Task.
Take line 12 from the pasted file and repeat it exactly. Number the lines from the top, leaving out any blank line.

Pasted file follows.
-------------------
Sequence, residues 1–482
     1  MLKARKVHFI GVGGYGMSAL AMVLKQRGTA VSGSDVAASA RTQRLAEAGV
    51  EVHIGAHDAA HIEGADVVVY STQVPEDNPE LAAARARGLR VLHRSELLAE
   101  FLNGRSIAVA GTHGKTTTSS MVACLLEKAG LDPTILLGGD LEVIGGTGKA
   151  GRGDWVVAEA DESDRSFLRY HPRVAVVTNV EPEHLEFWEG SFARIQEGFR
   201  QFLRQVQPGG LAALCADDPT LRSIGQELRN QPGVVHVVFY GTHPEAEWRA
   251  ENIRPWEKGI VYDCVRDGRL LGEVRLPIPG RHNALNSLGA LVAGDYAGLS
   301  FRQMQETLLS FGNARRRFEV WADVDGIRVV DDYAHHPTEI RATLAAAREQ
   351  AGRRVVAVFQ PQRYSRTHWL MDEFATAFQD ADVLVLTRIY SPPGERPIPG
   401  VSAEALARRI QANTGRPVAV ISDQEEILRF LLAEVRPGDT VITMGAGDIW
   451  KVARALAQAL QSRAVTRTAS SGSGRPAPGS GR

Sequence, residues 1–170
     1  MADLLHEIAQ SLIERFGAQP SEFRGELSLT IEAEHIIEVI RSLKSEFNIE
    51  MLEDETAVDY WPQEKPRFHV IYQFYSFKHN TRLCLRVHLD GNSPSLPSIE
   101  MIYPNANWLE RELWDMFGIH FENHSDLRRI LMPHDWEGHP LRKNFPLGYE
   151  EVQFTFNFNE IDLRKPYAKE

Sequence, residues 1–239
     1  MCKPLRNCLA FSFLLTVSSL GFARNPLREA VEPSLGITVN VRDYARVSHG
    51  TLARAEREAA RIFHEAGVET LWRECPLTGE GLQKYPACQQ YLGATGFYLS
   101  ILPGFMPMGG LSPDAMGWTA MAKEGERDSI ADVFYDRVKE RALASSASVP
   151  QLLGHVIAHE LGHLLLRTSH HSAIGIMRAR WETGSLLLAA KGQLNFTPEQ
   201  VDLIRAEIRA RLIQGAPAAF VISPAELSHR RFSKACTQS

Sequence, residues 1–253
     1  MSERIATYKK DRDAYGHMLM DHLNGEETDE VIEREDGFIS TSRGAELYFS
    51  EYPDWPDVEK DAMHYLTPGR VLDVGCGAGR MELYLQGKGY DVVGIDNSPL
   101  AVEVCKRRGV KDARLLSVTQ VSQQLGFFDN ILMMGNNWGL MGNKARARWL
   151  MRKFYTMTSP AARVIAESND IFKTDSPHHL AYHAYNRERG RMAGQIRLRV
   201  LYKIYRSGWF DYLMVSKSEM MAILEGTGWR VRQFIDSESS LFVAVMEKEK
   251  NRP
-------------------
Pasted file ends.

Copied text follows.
Sequence, residues 1–170